Hundreds of conserved non-coding genomic regions are independently lost in mammals.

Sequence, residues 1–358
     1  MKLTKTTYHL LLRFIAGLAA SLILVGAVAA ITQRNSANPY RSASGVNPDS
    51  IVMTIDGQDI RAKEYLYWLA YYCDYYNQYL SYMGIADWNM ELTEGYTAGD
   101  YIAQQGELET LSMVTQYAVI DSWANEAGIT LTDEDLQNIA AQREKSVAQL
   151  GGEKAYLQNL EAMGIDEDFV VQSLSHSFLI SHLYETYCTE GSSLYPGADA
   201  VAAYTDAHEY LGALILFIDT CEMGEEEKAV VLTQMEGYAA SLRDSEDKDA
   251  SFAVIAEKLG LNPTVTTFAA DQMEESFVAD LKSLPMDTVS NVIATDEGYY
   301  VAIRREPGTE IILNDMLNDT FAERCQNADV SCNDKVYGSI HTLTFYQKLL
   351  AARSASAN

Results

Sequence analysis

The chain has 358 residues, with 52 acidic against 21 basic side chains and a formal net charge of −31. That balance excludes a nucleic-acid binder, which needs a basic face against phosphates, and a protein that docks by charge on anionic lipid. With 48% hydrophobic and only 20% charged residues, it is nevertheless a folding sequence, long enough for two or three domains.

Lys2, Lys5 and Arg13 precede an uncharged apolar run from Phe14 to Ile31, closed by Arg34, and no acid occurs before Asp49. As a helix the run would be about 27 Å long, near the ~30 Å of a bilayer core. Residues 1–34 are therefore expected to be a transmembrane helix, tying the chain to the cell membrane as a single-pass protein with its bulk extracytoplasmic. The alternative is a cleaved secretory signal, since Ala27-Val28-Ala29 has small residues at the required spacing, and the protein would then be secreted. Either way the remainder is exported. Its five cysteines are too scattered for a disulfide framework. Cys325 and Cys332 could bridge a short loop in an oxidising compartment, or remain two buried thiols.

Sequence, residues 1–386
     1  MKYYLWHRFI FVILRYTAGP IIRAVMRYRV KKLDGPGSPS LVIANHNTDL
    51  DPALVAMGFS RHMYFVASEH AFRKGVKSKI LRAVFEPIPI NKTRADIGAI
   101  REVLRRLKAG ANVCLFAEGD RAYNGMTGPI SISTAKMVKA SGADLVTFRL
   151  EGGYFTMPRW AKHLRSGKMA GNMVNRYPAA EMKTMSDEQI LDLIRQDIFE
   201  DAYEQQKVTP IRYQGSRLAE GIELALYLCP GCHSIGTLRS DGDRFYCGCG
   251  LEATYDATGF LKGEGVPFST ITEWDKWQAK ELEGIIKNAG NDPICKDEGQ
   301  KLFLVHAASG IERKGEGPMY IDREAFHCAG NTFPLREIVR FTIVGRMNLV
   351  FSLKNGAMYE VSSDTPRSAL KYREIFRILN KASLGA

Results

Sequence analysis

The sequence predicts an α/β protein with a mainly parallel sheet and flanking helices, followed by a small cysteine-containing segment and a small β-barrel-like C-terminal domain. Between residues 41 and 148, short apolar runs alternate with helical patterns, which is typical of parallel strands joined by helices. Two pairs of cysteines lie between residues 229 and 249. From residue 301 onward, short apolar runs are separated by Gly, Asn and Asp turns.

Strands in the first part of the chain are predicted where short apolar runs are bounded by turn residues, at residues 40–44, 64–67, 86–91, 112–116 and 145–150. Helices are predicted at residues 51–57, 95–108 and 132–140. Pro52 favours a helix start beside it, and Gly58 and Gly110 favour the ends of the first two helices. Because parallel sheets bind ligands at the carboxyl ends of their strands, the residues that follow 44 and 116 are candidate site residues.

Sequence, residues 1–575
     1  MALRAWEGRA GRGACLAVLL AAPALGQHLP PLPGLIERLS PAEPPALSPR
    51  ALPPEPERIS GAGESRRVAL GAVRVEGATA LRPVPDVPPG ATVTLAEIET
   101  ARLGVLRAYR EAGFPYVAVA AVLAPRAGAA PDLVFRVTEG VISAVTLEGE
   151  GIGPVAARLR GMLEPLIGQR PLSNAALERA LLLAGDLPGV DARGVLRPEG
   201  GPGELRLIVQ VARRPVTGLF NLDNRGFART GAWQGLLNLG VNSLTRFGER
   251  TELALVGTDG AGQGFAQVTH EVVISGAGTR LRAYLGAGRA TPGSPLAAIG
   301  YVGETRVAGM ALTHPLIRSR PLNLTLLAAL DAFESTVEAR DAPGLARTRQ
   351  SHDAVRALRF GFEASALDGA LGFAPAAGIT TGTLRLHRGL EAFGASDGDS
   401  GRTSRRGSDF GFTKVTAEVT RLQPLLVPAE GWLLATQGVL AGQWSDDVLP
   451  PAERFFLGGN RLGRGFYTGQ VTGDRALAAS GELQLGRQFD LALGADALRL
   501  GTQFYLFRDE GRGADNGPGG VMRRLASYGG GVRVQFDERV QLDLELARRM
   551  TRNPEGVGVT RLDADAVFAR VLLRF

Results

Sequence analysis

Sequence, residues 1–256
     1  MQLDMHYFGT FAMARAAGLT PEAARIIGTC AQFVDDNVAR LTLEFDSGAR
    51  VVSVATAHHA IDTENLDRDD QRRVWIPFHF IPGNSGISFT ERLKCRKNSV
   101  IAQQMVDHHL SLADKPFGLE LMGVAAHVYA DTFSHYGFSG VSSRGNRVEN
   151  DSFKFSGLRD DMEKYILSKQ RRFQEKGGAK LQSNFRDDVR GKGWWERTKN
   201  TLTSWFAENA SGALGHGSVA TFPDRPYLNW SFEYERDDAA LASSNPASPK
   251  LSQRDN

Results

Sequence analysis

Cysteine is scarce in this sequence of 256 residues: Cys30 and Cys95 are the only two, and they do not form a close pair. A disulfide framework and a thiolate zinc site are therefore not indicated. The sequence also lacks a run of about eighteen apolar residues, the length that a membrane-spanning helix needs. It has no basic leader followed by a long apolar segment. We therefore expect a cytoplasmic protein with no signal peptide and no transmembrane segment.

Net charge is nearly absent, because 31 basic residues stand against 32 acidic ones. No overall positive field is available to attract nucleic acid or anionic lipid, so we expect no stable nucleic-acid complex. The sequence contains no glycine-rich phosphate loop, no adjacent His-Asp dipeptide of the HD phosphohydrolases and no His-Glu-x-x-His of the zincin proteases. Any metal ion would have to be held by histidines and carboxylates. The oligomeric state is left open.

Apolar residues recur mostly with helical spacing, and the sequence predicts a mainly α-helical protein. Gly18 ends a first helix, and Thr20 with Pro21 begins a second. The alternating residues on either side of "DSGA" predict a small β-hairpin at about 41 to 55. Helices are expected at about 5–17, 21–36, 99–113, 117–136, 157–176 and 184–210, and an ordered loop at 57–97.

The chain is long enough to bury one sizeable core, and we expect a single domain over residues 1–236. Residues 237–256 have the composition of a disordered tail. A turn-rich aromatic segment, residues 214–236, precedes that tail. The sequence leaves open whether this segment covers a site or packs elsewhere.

Conserved non-protein-coding DNA elements (CNEs) often encode cis-regulatory elements and are rarely lost during evolution. However, CNE losses that do occur can be associated with phenotypic changes, exemplified by pelvic spine loss in sticklebacks. Using a computational strategy to detect complete loss of CNEs in mammalian genomes while strictly controlling for artifacts, we find >600 CNEs that are independently lost in at least two mammalian lineages, including a spinal cord enhancer near GDF11. We observed several genomic regions where multiple independent CNE loss events happened; the most extreme is the DIAPH2 locus. We show that CNE losses often involve deletions and that CNE loss frequencies are non-uniform. Similar to less pleiotropic enhancers, we find that independently lost CNEs are shorter, slightly less constrained and evolutionarily younger than CNEs without detected losses. This suggests that independently lost CNEs are less pleiotropic and that pleiotropic constraints contribute to non-uniform CNE loss frequencies. We also detected 35 CNEs that are independently lost in the human lineage and in other mammals. Our study uncovers an interesting aspect of the evolution of functional DNA in mammalian genomes. Experiments are necessary to test if these independently lost CNEs are associated with parallel phenotype changes in mammals.